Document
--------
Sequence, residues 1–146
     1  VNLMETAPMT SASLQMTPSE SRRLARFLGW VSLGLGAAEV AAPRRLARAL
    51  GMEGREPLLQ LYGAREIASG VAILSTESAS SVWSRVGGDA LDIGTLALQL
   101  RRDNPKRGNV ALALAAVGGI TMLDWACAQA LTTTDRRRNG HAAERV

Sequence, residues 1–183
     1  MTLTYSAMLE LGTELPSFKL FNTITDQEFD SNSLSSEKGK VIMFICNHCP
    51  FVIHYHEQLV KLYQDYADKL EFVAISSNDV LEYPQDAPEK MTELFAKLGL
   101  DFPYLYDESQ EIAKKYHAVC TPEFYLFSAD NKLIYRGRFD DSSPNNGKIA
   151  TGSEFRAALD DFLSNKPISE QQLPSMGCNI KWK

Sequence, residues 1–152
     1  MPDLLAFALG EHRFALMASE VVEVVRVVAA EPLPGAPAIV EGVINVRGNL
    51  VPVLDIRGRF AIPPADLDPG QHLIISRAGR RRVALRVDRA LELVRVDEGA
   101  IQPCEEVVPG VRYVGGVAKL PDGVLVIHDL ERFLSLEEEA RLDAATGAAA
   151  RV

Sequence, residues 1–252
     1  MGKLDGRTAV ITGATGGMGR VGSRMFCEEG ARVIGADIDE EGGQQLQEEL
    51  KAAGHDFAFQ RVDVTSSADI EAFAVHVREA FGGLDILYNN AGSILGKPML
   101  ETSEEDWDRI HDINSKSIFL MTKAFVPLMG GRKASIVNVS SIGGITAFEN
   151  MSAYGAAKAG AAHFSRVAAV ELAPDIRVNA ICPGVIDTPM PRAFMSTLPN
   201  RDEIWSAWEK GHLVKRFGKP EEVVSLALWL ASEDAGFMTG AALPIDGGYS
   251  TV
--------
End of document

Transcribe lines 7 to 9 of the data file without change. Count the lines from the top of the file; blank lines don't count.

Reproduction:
    51  FVIHYHEQLV KLYQDYADKL EFVAISSNDV LEYPQDAPEK MTELFAKLGL
   101  DFPYLYDESQ EIAKKYHAVC TPEFYLFSAD NKLIYRGRFD DSSPNNGKIA
   151  TGSEFRAALD DFLSNKPISE QQLPSMGCNI KWK